Quite often confused with butterflies, moths are flying insects belonging to the family of Lepidoptera. Read on to know more about different kinds of moth.

Types Of Moths

A moth is an insect often confused with a butterfly and belongs to the order Lepidoptera. Moths form the majority of this order and consist of over 150,000 to 250,000 different species. In general, moths are nocturnal with traces of crepuscular and diurnal species among them. The scientific name for a moth is “Heterocera” and their study is known as “lepidoptery”. Moths and especially their caterpillars are regarded as agricultural pests and cause extensive damage to crops. Larvae of few moths are regarded as common pests since they feed on fabric made out of natural fibers such as wool or silk. However, there are also a bunch of moths which are economically significant. The most notable among them being the silkworm, which is the larva of a domesticated moth called Bombyx Mori. It is cultivated for the silk with which it weaves its own cocoon. The caterpillar form of another moth, known as Gonimbrasia Africa, is a significant source of food in parts of South Africa, despite of it being notorious for devouring crops and fabrics. An interesting feature that should be noted is that most moth adults do not eat at all, since they do not have mouths. This article gives you a glimpse of the major moths found in our fauna world.   
Different Kinds Of Moths
Atlas Moth
This moth is considered to be the largest in the world and is commonly found in the tropical and subtropical forests of Southeast Asia and the Malay Archipelago. Its etymological origin can be traced from either the Titan of Greek mythology or its map-like wing patterns. An atlas moth is mostly tawny to maroon in color with triangular eyes located on both its forewing and hind wing. Its body is hairy and disproportionately small compared to its wings. Neither the male nor the female possesses a fully-formed mouth part and thus does not feed. In its 1-2 week duration of adult life, it survives on the fat reserved in the body gained by it during the days it was a caterpillar.
Luna Moth
This lime green colored moth is generally found in the North American continent. The number of generations produced by this moth varies according to the climate in which it lives. While luna moths staying in Canada and other northern regions produce only one generation per year, those residing in northeastern United States or New York produce two generations per year. A female luna moth lays 100-300 eggs, generally on the under surface of leaves and incubates for 8-13 days. Once in its larva form, the caterpillar undergoes several molts before changing into a moth. The luna moth pupates in around two weeks, but only after spinning a cocoon for itself, which is thin and single-layered. An adult luna moth emerges from its cocoon in the morning. It has a wingspan of 8-11.5 cm with long and tapering hind wings and eyespots on them in order to confuse the predators. It lives for approximately a week and its sole purpose to emerge into an adult is to mate.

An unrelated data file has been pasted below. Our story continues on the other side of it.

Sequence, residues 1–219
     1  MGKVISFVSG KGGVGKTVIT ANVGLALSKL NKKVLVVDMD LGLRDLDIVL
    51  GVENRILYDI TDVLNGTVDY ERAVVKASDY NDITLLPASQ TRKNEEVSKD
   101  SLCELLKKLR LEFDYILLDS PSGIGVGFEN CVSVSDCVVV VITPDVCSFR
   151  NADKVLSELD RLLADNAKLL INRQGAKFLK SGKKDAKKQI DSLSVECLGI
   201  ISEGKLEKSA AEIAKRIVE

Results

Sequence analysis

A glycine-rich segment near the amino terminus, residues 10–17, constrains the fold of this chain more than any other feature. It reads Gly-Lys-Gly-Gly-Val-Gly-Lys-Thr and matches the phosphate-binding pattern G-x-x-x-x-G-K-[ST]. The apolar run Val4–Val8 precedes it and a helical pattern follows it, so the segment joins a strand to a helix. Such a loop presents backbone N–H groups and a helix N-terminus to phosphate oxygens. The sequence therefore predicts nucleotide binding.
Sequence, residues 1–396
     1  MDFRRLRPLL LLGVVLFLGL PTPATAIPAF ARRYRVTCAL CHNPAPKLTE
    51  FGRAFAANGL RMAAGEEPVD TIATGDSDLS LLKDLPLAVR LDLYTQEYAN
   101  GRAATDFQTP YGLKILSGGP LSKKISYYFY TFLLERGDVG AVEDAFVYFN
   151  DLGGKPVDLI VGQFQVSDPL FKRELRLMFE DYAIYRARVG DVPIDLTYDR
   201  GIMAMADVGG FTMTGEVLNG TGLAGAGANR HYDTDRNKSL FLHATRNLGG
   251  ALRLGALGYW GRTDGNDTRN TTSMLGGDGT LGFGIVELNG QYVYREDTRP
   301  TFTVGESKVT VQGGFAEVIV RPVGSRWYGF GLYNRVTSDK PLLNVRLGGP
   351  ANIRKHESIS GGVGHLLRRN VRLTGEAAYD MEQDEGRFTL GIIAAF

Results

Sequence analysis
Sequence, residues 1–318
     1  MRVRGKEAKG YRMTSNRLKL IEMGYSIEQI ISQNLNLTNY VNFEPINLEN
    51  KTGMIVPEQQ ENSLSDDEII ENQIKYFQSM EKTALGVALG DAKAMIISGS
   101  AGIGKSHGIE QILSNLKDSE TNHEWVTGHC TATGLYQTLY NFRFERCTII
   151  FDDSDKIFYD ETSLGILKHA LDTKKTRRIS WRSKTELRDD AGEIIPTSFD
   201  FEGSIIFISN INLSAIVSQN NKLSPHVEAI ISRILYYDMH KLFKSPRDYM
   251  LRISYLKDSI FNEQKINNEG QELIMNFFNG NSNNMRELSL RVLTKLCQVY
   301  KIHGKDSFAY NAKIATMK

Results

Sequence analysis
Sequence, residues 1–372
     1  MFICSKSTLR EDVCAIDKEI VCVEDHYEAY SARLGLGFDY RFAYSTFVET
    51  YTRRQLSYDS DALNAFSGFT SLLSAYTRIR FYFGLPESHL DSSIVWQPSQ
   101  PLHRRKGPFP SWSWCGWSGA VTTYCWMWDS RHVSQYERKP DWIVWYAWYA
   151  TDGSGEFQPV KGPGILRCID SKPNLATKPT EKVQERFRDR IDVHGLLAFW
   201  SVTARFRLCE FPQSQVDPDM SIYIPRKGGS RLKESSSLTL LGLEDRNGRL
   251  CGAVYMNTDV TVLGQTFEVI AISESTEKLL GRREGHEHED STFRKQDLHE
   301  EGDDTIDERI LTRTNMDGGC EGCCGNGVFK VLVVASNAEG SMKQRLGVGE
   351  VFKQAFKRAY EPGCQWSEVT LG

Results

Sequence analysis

Gypsy Moth
This moth, with scientific name Lymantria dispar, has its origin in Eurasia and was introduced to North America in the late 1860s. Also known as the Asian gypsy moth, it has been expanding its range ever since. A gypsy moth lays its eggs in a sheltered location, preferably on the branches and trunks of trees. After around four-six weeks of laying eggs, the embryos develop into larvae. It is usually between early springs to mid-may that the caterpillars emerge from the egg masses. The larvae pass through a series of molts before entering the pupa stage or the period during which larvae change into their adults or moths. Pupation generally lasts from 7-14 days. An adult gypsy moth is seen to fly all day and night with the possible exception of late morning. They are in their most active state after dusk until the wee hours of the night.  
A silkworm is the larva form or caterpillar of the domesticated silk moth or Bombyx Mori. It has immense economic significance since it produces silk. It generally feeds on white mulberry leaves and depends on humans for its reproductive process and unlike its other counterparts, does not naturally grow in the wild. The process of cultivation of silkworm is known as sericulture and has been practiced in China, Korea aand Japan for 5,000 years or so. An egg of silk moth takes about 14 days to hatch into larvae. The larvae enclose themselves in cocoons of raw silk produced in the salivary glands. The cocoon is made up of threads of raw silk fibers which are fine and lustrous and 300-900 meters long. Around 2000-3000 cocoons make a pound of silk which is not just used by the fabric industry for clothing, but also the medical industry. The adult phase of silk moth cannot fly. It has a wing span of 3-5 cm with a white hairy body and reduced mouth parts.
Other Types Of Moths include:
  • White Witch moth or Thysania Agrippina is said to have the biggest wingspan.
  • Madagascan Sunset moth or Chrysiridia rhipheus is considered to be one of the most impressive and beautiful in the Lepidoptera family.
  • Death's-head hawk moth is associated with the supernatural and evil and has been featured in art and movies occasionally.
  • Peppered moth or Biston betularia is the subject of a well-known study in evolution.
  • Bogong moth or Agrotis infusa is known to be a food source for Southeastern indigenous Australians.
  • Corn earworm or cotton bollworm is a major agricultural pest.
  • Codling moth or Cydia pomonella is a pest mostly of apple, pear and walnut trees. 

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